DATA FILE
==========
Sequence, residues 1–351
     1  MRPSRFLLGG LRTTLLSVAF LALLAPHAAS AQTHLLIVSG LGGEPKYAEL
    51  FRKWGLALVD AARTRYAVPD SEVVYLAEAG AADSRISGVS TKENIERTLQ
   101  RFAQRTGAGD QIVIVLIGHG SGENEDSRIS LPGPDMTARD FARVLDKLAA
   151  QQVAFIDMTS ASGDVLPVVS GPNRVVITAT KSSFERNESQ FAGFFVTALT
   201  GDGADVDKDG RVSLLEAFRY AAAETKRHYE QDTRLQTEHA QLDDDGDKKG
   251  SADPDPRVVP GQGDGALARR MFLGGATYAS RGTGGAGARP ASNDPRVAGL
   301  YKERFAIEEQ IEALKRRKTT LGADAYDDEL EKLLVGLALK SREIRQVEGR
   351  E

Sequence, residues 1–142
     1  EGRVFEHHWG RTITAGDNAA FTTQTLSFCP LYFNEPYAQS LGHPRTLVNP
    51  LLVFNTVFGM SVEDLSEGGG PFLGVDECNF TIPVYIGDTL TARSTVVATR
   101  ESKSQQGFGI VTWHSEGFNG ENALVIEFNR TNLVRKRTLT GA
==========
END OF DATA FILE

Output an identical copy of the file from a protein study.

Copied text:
Sequence, residues 1–351
     1  MRPSRFLLGG LRTTLLSVAF LALLAPHAAS AQTHLLIVSG LGGEPKYAEL
    51  FRKWGLALVD AARTRYAVPD SEVVYLAEAG AADSRISGVS TKENIERTLQ
   101  RFAQRTGAGD QIVIVLIGHG SGENEDSRIS LPGPDMTARD FARVLDKLAA
   151  QQVAFIDMTS ASGDVLPVVS GPNRVVITAT KSSFERNESQ FAGFFVTALT
   201  GDGADVDKDG RVSLLEAFRY AAAETKRHYE QDTRLQTEHA QLDDDGDKKG
   251  SADPDPRVVP GQGDGALARR MFLGGATYAS RGTGGAGARP ASNDPRVAGL
   301  YKERFAIEEQ IEALKRRKTT LGADAYDDEL EKLLVGLALK SREIRQVEGR
   351  E

Sequence, residues 1–142
     1  EGRVFEHHWG RTITAGDNAA FTTQTLSFCP LYFNEPYAQS LGHPRTLVNP
    51  LLVFNTVFGM SVEDLSEGGG PFLGVDECNF TIPVYIGDTL TARSTVVATR
   101  ESKSQQGFGI VTWHSEGFNG ENALVIEFNR TNLVRKRTLT GA